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Musical talent runs in the Selvidge family

April 10, 2014

A father-son dynamic of sorts creeps its way into this week’s Ear Bliss as we look at albums from The Hold Steady and the late Memphis artist Sid Selvidge. The common thread between the two releases is Steve Selvidge who has held down guitar duties for The Hold Steady since 2011 and is the son of Sid Selvidge and played a pivotal in the resissue of his dad’s classic 1976 album, “The Cold of the Morning.” Let’s take a look.

The Hold Steady
“Teeth Dreams”
Positive Jams/
Washington Square Records

On its sixth album and first since 2010’s “Heaven Is Whenever,” New York-based rock band The Hold Steady unleash a muscular guitar attack unlike that heard on any previous album. Those axes continuously circle, reverberate and move in and out of lead singer and principal songwriter Craig Finn’s literate, modern day-Joe barroom anthems. The album is the first without keyboardist Franz Nikolay who left the band in 2010 and was replaced by guitarist, Steve Selvidge. Selvidge’s trial run on the band’s subsequent tour turned into a full-time job the following year. Together with lead guitarist Tad Kubler, “Teeth Dreams” presents a formidable two-pronged attack featuring catchy hooks and riffs aplenty. As is par for The Hold Steady course, the centerpiece remains the storytelling and passionate delivery of front man Finn whose songwriting construction has always had a Springsteen-esque quality to it. That songwriting remains the draw. Combined with a tight and talented band, “Teeth Dreams” is 49-or-so minutes of mostly urgent and high anxiety rock. Only near album’s end, the final two songs “Almost Everything” and “Oaks,” does The Hold Steady wind down the tempo. They prove two of the most rewarding tunes on a fine record.

The Hold Steady appears at The Met Café in Pawtucket (1005 Main St.) on Saturday night. Cheap Girls are in the opening slot.

Sid Selvidge
“The Cold of the Morning” (resissue)
Omnivore Recordings

When he passed away all too early at the age of 69 last May, Memphis lost one of its great voices in Sid Selvidge. From his early work as a disc jockey just across the Mississippi River at KWAM in West Memphis, Ark., to his vital part in the legendary Memphis band Mud Boy & the Neutrons to his spearheading role behind the syndicated public radio program Beale Street Caravan to his own solo career, Selvidge was a fixture in various capacities on the Memphis music scene beginning in the 1960s and lasting right up until the time of his death. A voice to behold, Selvidge’s nuanced baritone was a versatile instrument that could deliver a heartfelt folk ballad as easily as it could a bluesy spiritual. As far as recordings were concerned, Selvidge did not have a prolific career. His debut called “Portrait” was released in 1969 on the Enterprise label, a small subsidiary of Stax Records. Selvidge would then sign with Elektra Records, but would never release an album and was subsequently let go in a management change. Selvidge would not release his next album until 1976 with “The Cold of the Morning,” on which his voice was laid bare for all to hear. A varied affair, it was slated for release for a small Memphis label called Peabody Records until the money person behind the release dropped out and consequently handed the reigns to Selvidge. Without proper backing, the album still managed to gain attention including a rave New York Times review the following year when Selvidge was holding down a weekly residency at Tramps in New York City. Featuring such soon-to-be Selvidge classics as “Boll Weevil” with its soul-endearing falsetto highs, “I’ve Got A Secret (Didn’t We Shake Sugaree)” and the spiritual “Lazrus,” the album would gain Selvidge critical kudos in folk music circles and even see some major labels extend offers. Sadly, the album would never reach enough potential listeners to take his career to that next level in gaining a national audience. Even still, “The Cold of the Morning” is etched in the annals of Memphis music which when you get down to it is about as diverse in the historical spectrum as anywhere. Produced by the late Jim Dickinson and featuring Mudboy & the Neutrons (on two of six bonus tracks, as well as two of the original album tracks) along with photos by the legendary Memphis-based picture-taker William Eggleston, the reissue of the long out of print masterpiece is most welcomed and once again allows music fans to discover one of the great voices of Memphis. Visit www.omnivorerecordings.com.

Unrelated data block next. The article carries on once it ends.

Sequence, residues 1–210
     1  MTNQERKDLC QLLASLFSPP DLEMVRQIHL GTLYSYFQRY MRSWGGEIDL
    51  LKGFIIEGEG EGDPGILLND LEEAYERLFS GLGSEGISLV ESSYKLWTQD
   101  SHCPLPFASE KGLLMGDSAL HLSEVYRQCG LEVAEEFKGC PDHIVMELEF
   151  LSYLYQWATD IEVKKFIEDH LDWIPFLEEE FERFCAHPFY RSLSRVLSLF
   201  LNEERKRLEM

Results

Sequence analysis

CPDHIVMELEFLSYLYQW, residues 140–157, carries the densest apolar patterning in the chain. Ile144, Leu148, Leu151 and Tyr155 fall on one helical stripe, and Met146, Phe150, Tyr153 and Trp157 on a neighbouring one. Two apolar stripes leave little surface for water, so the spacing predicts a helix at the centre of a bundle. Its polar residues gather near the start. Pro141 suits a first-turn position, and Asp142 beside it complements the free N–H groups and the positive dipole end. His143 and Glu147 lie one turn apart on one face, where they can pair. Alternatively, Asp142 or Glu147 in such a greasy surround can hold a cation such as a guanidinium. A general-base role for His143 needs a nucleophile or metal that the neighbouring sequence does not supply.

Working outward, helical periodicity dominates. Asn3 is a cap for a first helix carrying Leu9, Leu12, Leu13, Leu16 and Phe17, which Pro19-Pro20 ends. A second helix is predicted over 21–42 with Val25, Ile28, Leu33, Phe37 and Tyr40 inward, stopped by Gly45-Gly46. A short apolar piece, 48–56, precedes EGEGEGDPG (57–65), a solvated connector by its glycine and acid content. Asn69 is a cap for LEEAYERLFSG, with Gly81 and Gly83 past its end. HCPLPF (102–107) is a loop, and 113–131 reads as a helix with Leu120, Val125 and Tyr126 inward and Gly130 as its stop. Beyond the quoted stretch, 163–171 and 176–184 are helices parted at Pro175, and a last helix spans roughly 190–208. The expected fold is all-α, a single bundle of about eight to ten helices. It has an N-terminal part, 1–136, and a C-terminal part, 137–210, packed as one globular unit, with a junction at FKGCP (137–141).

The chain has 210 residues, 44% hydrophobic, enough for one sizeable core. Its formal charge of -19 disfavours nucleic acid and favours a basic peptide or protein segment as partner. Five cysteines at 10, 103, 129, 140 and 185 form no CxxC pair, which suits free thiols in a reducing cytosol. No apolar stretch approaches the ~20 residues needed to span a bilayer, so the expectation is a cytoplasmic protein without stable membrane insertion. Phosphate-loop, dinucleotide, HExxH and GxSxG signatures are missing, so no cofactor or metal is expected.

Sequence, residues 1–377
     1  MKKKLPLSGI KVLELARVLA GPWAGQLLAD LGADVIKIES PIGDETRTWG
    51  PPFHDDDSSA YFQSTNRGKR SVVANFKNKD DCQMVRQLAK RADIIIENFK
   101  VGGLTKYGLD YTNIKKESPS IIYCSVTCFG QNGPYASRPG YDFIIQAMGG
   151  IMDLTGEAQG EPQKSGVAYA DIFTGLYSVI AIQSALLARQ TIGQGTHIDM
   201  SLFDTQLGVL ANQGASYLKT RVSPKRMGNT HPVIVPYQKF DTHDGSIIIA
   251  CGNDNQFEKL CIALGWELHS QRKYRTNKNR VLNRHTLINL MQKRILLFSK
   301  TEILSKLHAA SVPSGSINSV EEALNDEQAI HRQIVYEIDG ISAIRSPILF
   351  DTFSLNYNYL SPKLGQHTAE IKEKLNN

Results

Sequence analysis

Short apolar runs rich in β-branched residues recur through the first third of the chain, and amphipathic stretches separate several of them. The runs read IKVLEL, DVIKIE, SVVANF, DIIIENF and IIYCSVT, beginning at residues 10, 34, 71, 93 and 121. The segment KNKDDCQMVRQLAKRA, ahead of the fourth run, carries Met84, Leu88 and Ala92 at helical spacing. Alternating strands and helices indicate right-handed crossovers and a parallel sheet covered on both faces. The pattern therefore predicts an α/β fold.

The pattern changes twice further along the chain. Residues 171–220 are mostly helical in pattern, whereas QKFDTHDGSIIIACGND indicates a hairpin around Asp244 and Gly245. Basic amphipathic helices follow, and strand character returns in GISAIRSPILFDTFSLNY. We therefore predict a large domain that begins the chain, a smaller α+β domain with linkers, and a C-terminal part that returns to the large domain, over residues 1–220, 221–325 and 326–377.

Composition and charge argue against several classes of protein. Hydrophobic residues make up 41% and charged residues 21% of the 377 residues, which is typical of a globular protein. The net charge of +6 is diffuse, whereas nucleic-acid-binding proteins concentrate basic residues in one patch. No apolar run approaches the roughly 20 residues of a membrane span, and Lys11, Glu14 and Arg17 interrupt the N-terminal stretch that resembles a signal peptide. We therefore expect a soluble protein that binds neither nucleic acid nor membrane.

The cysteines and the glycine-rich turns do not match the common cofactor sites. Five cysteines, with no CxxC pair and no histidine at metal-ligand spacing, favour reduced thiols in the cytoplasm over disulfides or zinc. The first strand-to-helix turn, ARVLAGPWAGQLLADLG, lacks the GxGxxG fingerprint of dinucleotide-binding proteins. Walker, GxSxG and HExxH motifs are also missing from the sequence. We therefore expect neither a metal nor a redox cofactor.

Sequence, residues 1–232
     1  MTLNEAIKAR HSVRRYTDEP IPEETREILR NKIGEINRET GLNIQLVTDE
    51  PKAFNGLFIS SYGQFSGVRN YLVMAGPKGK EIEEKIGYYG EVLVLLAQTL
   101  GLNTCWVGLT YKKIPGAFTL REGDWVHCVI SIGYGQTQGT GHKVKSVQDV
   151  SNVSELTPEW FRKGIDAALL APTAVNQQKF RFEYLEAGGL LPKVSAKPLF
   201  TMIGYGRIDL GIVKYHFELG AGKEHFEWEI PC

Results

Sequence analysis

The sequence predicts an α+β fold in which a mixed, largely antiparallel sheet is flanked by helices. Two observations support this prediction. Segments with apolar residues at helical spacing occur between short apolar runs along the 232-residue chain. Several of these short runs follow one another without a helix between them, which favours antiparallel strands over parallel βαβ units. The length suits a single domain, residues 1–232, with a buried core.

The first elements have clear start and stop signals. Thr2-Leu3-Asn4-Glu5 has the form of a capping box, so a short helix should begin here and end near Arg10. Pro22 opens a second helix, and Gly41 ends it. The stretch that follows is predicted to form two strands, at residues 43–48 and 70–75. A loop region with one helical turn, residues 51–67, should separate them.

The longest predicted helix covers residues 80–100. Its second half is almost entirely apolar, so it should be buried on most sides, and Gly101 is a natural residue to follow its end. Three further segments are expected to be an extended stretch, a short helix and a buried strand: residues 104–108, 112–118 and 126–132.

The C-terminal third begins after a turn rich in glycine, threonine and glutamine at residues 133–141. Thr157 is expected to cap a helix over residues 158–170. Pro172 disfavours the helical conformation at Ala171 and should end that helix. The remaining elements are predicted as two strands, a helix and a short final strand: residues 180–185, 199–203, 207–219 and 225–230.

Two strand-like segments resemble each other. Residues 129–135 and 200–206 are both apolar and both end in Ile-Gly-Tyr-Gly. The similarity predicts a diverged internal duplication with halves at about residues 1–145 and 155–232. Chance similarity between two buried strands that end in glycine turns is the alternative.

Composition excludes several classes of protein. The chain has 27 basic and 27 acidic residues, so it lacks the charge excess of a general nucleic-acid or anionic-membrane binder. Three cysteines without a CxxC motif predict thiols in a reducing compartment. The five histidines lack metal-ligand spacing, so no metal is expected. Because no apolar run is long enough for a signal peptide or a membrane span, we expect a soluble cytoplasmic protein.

LIVE SHOTS:

Music at Lilypads in Peace Dale (27 North Road) presents a solid twin bill on Saturday night featuring the return of The Honey Dewdrops and singer/songwriter Jonah Tolchin. Doors are at 7 p.m. and music begins at 7:30.

Mary Ann Rossoni returns with a collection of songs. “Edentown” is the newest and eighth album from Rhode Island-based singer/songwriter Mary Ann Rossoni (these going by just “Rossoni”). The new album presents an artist who has come full circle, from acoustic music and back again. Rossoni brings Edentown to life at Manchester 65 in West Warwick (65 Manchester St.) on late Sunday afternoon with a show that begins at 4 p.m.

Head to the Wood River Inn (Main Street) in downtown Wyoming, R.I. on Sunday evening for the dynamic duo of The Rank Strangers with Chris Monti starting at 6 p.m.

Dan Ferguson is a freelance music writer and host of The Boudin Barndance, broadcast Thursdays from 6 p.m. to 9 p.m. on WRIU-FM 90.3.

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